Travel anywhere in the world, and you’ll probably run across a Jeep. And if you don’t, you’ll find a vehicle that has been influenced by the Jeep. The history of the brand is rich, and the worldwide following is enormous. And yet, somehow, there’s no proper museum for the World War II hero. It makes no sense.
See those Jeeps in the picture above? They’re riding through Prague, Czech Republic in the “Convoy of Liberty,” a celebration of the U.S.-led liberation of Western Bohemia from the Nazis. It turns out, Czech Republic has quite a Jeep following (check out this very active Jeep club Facebook page); I even spotted a World War II Willys MB parked nonchalantly near the town square in Prague a few years ago:
But it’s not just the U.S. and the Czech Republic that love old Jeeps; France’s military built modified World War II Jeeps under license (called “Le Jeep,” or more officially Hotchkiss M201s), so it’s not that uncommon see old flat-fenders all over the place over there. Ditto with Japan, as the U.S. army left a veritable junkyard worth of old Willys Jeeps on the island nation, and Mitsubishi even built its own version (the J54) under contract.
Fly over to southeast Asia, and you’ll see thousands of modified Jeeps known as Jeepneys carrying busloads of people through the streets of the Philippines, and I even got a ride in an old World War II Jeep in the busy city streets of Hong Kong last year:
My point here, is that the World War II Jeep—which spawned the off-road SUV segment as we know it—is one of the most recognized and most influential vehicles in history, with fans on every corner of the globe. And yet, somehow, there isn’t a proper Jeep museum anywhere to be found.
There’s an Oldsmobile Museum in Lansing, huge Mercedes and Porsche museums in Stuttgart, a BMW museum in Munich, an Audi museum in Ingolstadt, a Volkswagen museum in Wolfsburg, a Studebaker museum in South Bend, a Corvette museum in Bowling Green, an Auburn/Cord/Deusenberg Museum in Auburn, and pretty much every Japanese automaker has an awesome, open-to-the-public collection in Japan. And yet a brand with one of the richest histories, and one of the widest cult followings has no museum.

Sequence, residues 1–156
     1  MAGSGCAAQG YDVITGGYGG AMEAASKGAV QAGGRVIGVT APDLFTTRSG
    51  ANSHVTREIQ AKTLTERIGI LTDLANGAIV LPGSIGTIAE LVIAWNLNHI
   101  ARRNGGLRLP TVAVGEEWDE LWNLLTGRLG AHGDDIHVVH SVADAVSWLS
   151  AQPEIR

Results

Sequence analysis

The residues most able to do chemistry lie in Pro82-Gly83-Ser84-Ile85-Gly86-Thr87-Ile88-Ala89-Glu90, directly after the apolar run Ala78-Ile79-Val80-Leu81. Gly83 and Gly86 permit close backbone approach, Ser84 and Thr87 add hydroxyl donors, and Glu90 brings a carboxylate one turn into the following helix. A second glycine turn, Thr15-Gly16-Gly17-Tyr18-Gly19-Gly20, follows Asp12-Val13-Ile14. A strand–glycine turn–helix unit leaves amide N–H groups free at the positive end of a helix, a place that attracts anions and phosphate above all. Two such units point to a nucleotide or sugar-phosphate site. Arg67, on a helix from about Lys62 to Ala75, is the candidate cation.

OK, to be sure, Omix-ADA—an aftermarket Jeep parts supplier—does have a nice collection near Atlanta, but not only is it fairly small, but it doesn’t really include a whole ton of historical information and memorabilia to do the ol’ Jeep justice.
Plus, let’s be honest: the proper location for a Jeep museum is Toledo, Ohio. It’s where Willys-Overland built the World War II MB back in the early 1940s, and it’s where every proper Jeep has been built since (with the exception of the Grand Cherokee and early first-gen Wrangler YJ models).
When I attended the Toledo Jeep Fest last year, I could see how proud the locals were of the off-roaders they’ve been building for the past 75 years. The place deserves a Jeep museum; if done properly, I think people would come from far and wide to see it.
There have been whispers here and there of a Jeep museum actually being built, but time and time again, it seems the plans get abandoned. I’d think getting the vehicles wouldn’t be so difficult; a number of old-timers are probably sitting on amazing Jeep collections that they don’t want to have to hand down to their punky grandsons, and that they’d much rather donate.
Who knows, maybe someone’s run the numbers, and a Jeep museum—despite the brand’s worldwide cult following—is just not feasible for the same reasons why the Chrysler Museum folded a few months back, and why there’s no GM museum open to the public.
But damn, if there’s a Corvette Museum in Bowling Green, why the heck isn’t there a Jeep Museum in Toledo?